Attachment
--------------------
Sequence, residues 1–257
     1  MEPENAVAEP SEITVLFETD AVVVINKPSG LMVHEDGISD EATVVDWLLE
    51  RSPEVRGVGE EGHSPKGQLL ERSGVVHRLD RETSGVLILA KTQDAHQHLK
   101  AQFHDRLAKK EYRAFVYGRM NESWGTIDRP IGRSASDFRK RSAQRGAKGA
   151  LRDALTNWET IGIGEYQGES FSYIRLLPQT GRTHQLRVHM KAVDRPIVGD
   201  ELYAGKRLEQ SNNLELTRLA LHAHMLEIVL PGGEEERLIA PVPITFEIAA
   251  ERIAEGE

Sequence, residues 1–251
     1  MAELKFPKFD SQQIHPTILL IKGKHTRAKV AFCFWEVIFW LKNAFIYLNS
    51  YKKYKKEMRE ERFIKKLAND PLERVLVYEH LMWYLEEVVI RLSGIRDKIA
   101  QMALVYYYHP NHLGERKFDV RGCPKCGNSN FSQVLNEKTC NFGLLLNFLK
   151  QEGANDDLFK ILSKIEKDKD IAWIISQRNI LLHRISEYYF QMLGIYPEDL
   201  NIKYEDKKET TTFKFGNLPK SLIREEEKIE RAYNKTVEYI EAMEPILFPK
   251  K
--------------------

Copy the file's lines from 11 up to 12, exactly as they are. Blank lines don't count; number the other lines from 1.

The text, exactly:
   101  QMALVYYYHP NHLGERKFDV RGCPKCGNSN FSQVLNEKTC NFGLLLNFLK
   151  QEGANDDLFK ILSKIEKDKD IAWIISQRNI LLHRISEYYF QMLGIYPEDL